Taking Action with Young Children
by Jaquetta Alexander, Second Grade Teacher, Van Horne Elementary School
Adults often think that taking action is beyond kids. This assumption has been challenged by Vivian Vasquez (2004) whose research shows that young children can use their intelligence and voices to create change in their world on issues that are significant in their lives. My own experiences with young students indicates that they are capable of understanding broad concepts, such as human rights, and taking action in ways that make sense to them. The teachers in our school decided to focus our work in the Learning Lab on human rights during the spring semester. Because I teach second grade, we decided to begin with exploring fair and unfair because this concept was already familiar to children and something they frequently commented on. We introduced the concept of human rights at a global level after students had the opportunity to map and label events they considered fair or unfair at school. Our goal was to encourage students to identify an issue on which they wanted to take action with authentic intentions. We wanted the action to grow out of their concerns and problem-posing, not manipulate them to act on our intentions as adults (Hart, 1992).
I worked collaboratively with Jennifer Griffith, a first grade teacher, to structure time outside of the Learning Lab in our classrooms to enhance the thinking that was evolving from our work in the lab. Our work in the Learning Lab and in the classroom combined to create a foundation of understanding that was quite evident when my students were asked to reflect on their understandings about what it means to take action at the end of the school year. Their explorations of human rights and taking action were supported by our use of the same structure of read aloud, literature discussion, and response strategy in the lab and the classroom. This routine allowed students to become comfortable in knowing what was occurring next and in taking risks to explore their thinking and ideas. Our focus as teachers was on thinking with students but also on challenging them to push their thinking. After each reading, students participated in a literature discussion that not only allowed them to hear and respond to other students’ thinking but also gave them the opportunity to consider new ideas.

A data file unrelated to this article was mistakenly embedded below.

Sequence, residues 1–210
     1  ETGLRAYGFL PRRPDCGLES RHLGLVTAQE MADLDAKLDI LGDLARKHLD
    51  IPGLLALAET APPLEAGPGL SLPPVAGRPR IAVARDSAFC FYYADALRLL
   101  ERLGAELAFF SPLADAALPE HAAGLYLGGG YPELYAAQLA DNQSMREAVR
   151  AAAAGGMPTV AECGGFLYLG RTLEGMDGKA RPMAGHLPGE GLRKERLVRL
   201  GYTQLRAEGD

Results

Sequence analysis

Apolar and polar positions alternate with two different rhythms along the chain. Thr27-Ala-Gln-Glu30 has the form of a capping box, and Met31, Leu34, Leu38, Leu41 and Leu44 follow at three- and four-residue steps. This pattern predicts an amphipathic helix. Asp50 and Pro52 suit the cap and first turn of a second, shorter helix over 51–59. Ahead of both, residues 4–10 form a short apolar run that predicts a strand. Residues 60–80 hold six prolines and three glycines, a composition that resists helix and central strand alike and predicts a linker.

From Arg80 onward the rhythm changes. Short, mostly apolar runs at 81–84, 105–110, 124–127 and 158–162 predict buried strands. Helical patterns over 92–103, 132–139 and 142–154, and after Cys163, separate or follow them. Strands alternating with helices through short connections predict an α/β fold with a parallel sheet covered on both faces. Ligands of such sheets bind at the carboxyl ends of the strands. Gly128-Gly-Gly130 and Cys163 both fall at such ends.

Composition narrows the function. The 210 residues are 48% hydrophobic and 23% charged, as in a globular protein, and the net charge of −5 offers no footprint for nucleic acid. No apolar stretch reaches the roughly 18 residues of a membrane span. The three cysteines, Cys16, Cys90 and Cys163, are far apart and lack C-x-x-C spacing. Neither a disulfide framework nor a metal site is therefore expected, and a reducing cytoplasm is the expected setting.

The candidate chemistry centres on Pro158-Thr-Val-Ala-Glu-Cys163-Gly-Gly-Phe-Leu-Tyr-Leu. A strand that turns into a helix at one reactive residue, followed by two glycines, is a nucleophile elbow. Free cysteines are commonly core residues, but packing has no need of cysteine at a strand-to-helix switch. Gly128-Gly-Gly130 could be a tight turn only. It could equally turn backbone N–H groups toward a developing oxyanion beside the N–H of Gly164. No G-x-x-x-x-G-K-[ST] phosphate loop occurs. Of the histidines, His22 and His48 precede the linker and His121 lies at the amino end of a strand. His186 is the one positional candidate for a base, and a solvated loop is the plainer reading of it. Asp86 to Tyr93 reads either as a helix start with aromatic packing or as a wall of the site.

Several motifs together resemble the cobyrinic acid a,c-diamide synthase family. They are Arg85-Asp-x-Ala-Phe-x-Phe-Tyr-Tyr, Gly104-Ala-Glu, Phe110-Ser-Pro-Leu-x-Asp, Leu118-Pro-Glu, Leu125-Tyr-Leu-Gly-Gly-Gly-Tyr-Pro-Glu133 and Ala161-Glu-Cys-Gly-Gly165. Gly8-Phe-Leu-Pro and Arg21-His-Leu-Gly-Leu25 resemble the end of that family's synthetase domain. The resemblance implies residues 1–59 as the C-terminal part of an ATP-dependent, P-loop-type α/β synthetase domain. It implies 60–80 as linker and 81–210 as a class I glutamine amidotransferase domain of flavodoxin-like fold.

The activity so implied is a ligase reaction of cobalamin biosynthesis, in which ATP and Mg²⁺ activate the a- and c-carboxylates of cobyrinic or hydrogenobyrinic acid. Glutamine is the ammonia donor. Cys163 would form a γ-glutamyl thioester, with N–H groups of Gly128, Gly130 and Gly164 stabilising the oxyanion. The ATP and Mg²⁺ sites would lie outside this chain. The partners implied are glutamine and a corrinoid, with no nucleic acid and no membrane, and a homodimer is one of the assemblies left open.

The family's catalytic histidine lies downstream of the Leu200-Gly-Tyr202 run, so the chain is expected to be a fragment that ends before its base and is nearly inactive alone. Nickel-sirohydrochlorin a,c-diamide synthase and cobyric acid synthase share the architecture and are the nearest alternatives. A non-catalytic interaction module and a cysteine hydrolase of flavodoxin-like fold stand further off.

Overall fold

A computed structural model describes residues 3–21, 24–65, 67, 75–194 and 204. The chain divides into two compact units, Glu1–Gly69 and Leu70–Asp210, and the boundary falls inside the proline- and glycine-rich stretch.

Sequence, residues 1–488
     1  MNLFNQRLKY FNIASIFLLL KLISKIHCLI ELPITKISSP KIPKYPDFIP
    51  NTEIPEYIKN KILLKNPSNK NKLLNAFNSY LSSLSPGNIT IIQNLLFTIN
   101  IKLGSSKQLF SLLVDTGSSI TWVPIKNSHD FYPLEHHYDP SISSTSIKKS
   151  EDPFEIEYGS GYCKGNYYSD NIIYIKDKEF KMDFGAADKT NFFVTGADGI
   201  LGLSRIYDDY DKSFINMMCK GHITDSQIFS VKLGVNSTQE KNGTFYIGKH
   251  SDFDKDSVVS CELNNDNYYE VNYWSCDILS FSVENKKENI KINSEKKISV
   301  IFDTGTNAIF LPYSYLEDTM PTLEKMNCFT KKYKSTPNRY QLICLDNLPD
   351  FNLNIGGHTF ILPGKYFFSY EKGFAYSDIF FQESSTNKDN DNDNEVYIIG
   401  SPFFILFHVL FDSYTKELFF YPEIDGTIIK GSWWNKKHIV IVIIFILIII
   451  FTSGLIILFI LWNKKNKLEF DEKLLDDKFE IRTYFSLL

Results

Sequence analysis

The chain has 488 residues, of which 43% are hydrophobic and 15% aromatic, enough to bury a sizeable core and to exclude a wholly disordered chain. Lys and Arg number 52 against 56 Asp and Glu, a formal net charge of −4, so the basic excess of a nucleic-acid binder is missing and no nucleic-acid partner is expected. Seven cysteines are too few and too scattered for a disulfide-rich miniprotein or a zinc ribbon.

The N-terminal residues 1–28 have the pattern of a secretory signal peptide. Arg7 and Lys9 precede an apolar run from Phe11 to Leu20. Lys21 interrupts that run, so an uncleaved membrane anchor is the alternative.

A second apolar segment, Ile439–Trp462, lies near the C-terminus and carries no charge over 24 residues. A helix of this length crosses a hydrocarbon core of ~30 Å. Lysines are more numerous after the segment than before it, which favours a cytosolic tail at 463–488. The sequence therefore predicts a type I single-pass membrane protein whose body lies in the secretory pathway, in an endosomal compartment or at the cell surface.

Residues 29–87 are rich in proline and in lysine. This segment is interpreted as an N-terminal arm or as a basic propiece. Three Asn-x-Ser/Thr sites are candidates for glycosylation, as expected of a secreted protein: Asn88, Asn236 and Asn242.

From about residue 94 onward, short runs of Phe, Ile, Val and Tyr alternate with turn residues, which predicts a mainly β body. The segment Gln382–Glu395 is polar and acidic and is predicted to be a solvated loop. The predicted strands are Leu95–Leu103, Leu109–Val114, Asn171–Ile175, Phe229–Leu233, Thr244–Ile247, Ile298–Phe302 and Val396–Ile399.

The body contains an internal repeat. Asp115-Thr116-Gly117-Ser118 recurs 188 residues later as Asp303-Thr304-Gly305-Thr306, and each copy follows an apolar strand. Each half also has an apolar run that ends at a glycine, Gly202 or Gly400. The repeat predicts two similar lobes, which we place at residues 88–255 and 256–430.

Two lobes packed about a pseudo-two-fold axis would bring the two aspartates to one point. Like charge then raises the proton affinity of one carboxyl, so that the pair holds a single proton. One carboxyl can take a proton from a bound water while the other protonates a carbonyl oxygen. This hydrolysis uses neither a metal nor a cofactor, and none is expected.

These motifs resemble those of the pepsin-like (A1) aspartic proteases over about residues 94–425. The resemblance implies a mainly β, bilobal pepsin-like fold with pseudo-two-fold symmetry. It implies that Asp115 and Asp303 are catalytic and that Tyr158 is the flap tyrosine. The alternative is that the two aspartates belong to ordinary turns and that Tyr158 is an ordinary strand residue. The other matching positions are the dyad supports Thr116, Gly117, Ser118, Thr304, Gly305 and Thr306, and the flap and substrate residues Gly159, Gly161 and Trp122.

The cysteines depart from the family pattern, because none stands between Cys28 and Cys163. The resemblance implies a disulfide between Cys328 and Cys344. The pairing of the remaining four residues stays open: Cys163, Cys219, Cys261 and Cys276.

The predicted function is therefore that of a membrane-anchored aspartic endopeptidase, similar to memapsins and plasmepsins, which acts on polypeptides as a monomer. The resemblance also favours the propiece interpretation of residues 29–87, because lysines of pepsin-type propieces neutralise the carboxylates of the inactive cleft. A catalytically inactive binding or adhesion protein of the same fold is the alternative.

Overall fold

As I read through my field notes and looked at student work, I realized that there were a number of key interactions that supported these young children in building their understandings of human rights and being able to move toward taking action. Some of these events occurred within the lab and others in the classroom, but they all revolved around children exploring multiple perspectives and considering “big ideas.”
We began our human rights inquiry by reading A Fine, Fine School by Sharon Creech (2001). Following our literature discussion, students created a map of the school and identified places where unfair things had occurred, either to them or another student. As the inquiry continued, students were offered many opportunities to engage in the wide reading of books on human rights, both in schools and in the world more broadly. These readings helped students make connections to their own lives and to conceptualize and think about the big picture. Short and Harste (1996) argue that inquiry should always begin with connections to the concept based on children’s life experiences as a base from which to broaden their understandings. Deana’s map, for example, shows times where she or someone else was treated unfairly–someone cut her in line or drew an arrow on another person’s paper, etc. Deana did not use names on her map, because we had carefully discussed that the maps were not about tattling.
Early in our inquiry, students had a difficult time understanding the concept of rights. For example, a student would respond to the question, “What is your right?” by stating, “To treat people fairly” instead of “To be treated fairly.” Near the end of the semester we saw a shift in student thinking, and they were able to verbalize more clearly their thoughts on human rights. We revisited the students’ maps of the school because these maps had introduced them to the concept of human rights and they were able to look at the unfair events and think about the rights these represented.
A key interaction occurred when students considered different perspectives on human rights. We were exploring the power that we have to make choices to create a better world. After reading The Lady in the Box by Ann McGovern (1997), my students used drama to view the world through someone else’s perspective. The text was about a homeless woman, Dorrie, who lives in a box in front of a local deli. The warm air that comes through the grate from the basement of the deli keeps her warm in the harsh winter weather. Two young children, Lizzie and Ben, live nearby and leave her food and warm clothes. When the deli owner forces Dorrie to move her box away to a much colder location, the children ask their mother for help. She confronts the deli owner and convinces him to let the Dorrie stay.